The ECB's monthly rate meeting will focus investors this week on the debate over quantitative easing in the eurozone, as a series of data releases on both sides of the Atlantic shed more light on European woes and U.S. strength.
Final purchasing manager indices for Europe and the United States, U.S. monthly jobs data and the European Central Bank's updated forecasts will all provide clues to assessing the relative health of both regions.
The ECB staff inflation and growth estimates for the 18-nation single currency union are much awaited after data showed on Friday that inflation in the bloc was back to a five-year low, putting more pressure on the bank to take action.
Particular attention will be paid to internal debate within the ECB over quantitative easing and to ECB chief Mario Draghi's comments on the data at his monthly news conference on Thursday, after his pledge to act to lift "excessively low" inflation.
The ECB is expected to leave key rates unchanged and wait for next year to decide whether to take the leap to government bond-buying.
A decision on QE may come as early as the first quarter, Vice President Vitor Constancio said last week. But arch-hawk German ECB policymaker Jens Weidmann responded that there were "legal limits" on printing money to buy government bonds.
"The ECB's communication has not always been crystal clear this year, but overall it has moved steadily towards a more dovish stance despite internal tensions within the Governing Council," French bank Credit Agricole wrote in a note.
"We expect no sovereign QE announcement at the December 4 meeting but a more formal, albeit conditional commitment to broader asset purchases."
JOBS AND OIL
Friday's monthly U.S. job figures will be the key data in the United States. Non-farm payrolls are expected to show an increase of 228,000 in November, according to a Reuters poll.
The unemployment rate fell to a six-year low in October, underscoring the economy's resilience in the face of slowing global demand. Wage growth remained tepid, though, suggesting little need for the Federal Reserve to hurry to start lifting interest rates.
On Thursday, the Bank of England looks set to keep interest rates on hold at a record low 0.5 percent — that's the unanimous expectation of analysts polled by Reuters. The day before that, Finance Minister George Osborne will deliver his Autumn budget update to parliament.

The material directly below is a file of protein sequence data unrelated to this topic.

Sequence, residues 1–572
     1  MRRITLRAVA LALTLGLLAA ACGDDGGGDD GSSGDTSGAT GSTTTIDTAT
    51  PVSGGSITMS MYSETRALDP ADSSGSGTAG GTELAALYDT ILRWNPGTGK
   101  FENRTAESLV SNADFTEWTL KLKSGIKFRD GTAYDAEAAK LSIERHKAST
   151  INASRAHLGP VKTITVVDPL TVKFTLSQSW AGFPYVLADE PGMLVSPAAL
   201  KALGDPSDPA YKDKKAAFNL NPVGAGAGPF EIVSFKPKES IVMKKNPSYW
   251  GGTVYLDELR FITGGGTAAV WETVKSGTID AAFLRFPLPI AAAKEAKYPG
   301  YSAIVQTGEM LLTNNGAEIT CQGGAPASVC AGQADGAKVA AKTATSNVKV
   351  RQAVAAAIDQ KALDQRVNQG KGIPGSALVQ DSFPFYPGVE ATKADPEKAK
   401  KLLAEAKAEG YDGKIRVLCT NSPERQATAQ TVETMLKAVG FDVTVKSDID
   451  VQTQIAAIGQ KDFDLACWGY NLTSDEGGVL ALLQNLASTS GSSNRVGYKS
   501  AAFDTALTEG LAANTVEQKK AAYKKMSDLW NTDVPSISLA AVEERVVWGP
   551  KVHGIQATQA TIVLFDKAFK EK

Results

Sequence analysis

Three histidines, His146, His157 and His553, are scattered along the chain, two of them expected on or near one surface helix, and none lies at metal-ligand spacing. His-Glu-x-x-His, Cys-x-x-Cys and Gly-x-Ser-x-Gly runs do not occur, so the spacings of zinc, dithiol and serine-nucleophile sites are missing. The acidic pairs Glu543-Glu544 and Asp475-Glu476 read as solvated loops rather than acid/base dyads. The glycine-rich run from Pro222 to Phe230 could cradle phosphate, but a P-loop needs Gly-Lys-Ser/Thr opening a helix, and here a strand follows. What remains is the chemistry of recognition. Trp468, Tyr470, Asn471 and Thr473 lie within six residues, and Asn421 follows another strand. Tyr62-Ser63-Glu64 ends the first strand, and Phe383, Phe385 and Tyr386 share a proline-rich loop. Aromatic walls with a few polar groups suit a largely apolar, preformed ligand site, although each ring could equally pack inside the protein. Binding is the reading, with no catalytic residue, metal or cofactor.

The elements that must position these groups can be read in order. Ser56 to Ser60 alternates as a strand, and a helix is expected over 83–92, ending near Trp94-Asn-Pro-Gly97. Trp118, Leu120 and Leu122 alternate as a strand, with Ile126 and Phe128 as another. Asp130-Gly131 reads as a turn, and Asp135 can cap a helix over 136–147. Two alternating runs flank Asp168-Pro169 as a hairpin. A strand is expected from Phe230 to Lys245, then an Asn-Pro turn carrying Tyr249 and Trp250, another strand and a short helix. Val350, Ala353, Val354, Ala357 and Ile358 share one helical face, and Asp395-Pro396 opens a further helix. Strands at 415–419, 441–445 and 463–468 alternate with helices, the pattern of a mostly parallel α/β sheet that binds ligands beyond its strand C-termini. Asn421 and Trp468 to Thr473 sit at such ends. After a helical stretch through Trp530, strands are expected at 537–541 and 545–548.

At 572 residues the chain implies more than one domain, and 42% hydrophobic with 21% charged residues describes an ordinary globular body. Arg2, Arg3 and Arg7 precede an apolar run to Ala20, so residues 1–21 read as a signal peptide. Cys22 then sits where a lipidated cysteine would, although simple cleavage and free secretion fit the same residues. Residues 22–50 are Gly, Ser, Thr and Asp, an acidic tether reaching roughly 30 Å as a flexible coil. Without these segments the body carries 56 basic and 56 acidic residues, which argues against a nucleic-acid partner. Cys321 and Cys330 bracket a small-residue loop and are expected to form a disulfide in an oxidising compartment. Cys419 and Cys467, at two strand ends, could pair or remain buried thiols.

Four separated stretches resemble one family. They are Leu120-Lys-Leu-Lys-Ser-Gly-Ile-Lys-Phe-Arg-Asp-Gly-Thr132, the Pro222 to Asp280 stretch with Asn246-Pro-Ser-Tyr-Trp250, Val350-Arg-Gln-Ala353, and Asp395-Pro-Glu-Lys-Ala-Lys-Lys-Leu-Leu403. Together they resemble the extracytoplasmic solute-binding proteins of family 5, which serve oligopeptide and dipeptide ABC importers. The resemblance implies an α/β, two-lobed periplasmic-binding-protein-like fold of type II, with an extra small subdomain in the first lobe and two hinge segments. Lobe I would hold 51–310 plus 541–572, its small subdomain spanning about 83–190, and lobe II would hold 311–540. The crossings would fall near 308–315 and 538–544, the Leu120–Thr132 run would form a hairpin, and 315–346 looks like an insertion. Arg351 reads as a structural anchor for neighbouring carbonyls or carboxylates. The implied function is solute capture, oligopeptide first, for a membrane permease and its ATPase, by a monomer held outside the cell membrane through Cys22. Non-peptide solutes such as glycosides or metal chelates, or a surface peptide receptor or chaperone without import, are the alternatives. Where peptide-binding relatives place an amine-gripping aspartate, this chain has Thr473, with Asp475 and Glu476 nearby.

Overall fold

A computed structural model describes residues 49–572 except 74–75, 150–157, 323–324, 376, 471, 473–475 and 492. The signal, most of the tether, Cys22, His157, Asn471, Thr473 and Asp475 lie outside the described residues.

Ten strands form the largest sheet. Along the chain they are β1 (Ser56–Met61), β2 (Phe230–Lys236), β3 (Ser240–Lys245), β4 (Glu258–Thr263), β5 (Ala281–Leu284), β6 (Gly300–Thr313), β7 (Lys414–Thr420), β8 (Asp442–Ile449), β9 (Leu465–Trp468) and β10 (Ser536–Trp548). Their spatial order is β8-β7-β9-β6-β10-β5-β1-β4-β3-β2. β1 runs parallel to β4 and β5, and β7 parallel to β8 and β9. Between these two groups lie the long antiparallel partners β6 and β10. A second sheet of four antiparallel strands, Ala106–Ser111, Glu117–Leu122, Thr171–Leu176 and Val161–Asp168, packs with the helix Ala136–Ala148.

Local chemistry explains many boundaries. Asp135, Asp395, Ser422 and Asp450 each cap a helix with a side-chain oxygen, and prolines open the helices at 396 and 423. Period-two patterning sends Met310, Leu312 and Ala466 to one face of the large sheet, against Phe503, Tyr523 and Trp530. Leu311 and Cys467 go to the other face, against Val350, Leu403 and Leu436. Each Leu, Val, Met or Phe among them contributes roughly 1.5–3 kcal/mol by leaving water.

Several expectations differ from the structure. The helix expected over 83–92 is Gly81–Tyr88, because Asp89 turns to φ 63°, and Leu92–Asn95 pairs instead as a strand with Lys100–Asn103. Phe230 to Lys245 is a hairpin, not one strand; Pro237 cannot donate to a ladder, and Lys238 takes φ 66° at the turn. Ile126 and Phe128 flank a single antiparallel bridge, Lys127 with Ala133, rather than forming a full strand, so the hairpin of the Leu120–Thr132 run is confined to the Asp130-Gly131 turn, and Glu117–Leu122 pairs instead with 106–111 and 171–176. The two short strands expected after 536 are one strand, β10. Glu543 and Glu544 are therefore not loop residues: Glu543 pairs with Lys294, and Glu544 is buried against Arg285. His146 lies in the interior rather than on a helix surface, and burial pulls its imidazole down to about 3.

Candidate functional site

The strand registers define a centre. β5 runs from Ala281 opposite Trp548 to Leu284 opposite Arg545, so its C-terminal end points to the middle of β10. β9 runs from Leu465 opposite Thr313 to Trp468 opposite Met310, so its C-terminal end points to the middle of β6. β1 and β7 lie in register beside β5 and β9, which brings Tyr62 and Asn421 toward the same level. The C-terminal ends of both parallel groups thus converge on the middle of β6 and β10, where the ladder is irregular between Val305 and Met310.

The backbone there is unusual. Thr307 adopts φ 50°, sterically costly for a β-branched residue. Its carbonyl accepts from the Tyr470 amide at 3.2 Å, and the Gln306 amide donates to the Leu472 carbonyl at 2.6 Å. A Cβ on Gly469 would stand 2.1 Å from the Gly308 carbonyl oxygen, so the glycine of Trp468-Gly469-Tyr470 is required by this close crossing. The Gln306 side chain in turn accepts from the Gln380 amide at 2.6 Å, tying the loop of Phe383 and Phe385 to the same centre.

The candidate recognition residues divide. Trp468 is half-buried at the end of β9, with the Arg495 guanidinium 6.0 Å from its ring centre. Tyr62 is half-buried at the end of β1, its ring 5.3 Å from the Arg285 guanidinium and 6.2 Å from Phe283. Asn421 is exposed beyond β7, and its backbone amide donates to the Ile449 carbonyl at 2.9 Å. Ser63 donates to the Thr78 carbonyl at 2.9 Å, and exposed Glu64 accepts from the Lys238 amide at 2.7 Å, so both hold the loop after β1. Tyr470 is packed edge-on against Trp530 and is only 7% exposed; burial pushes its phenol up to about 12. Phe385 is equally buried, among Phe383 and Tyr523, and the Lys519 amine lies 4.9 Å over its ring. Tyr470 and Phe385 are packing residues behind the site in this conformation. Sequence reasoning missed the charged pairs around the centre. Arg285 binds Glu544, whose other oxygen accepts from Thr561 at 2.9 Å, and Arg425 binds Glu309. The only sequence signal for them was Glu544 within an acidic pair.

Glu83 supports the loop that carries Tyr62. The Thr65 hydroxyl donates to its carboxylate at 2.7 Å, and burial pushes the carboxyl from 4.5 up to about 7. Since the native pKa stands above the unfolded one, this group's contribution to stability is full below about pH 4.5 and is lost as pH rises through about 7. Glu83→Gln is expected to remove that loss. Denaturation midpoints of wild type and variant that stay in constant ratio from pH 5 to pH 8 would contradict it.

The first hike in British interest rates is expected to come in the third quarter of 2015, six months later than previously thought, owing to low inflation, sluggish pay growth and a weak euro zone economy, a Reuters poll showed.
Final purchasing managers indices are published after flash estimates came in lower than expected for the euro zone. New orders fell for the first time in more than a year.
The U.S. flash PMI showed a fifth consecutive monthly slowing in growth in services, although the pace of expansion remained robust by historical standards.
In China, the official manufacturing purchasing managers' index is likely to show on Monday that manufacturing slowed slightly in November as demand remained sluggish, a Reuters poll showed.
However China's central bank will wait until fourth-quarter economic data is out and monitor U.S. and Japanese monetary policy before considering any more rate cuts or easing, a central bank adviser said on Tuesday.
Falling oil prices will be another point of focus, after producer group OPEC decided not to cut crude production last week despite global oversupply.
Besides adding to Draghi's headaches as it pushes inflation in Europe even lower, the fall in oil prices is also hurting the economies, currencies and financial markets of many producer countries.
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